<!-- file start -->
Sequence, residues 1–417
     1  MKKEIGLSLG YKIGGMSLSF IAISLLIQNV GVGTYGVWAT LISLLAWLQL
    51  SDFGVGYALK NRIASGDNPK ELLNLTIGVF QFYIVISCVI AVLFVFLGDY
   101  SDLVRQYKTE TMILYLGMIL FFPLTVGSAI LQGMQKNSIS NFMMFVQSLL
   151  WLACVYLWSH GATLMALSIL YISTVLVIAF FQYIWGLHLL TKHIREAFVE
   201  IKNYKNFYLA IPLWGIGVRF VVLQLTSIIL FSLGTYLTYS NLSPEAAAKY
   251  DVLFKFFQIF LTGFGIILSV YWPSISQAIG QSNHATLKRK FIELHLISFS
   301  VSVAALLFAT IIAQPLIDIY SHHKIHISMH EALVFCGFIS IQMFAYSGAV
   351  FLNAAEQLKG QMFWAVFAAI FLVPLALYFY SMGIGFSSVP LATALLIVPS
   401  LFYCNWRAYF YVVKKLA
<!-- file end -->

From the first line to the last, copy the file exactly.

Sequence, residues 1–417
     1  MKKEIGLSLG YKIGGMSLSF IAISLLIQNV GVGTYGVWAT LISLLAWLQL
    51  SDFGVGYALK NRIASGDNPK ELLNLTIGVF QFYIVISCVI AVLFVFLGDY
   101  SDLVRQYKTE TMILYLGMIL FFPLTVGSAI LQGMQKNSIS NFMMFVQSLL
   151  WLACVYLWSH GATLMALSIL YISTVLVIAF FQYIWGLHLL TKHIREAFVE
   201  IKNYKNFYLA IPLWGIGVRF VVLQLTSIIL FSLGTYLTYS NLSPEAAAKY
   251  DVLFKFFQIF LTGFGIILSV YWPSISQAIG QSNHATLKRK FIELHLISFS
   301  VSVAALLFAT IIAQPLIDIY SHHKIHISMH EALVFCGFIS IQMFAYSGAV
   351  FLNAAEQLKG QMFWAVFAAI FLVPLALYFY SMGIGFSSVP LATALLIVPS
   401  LFYCNWRAYF YVVKKLA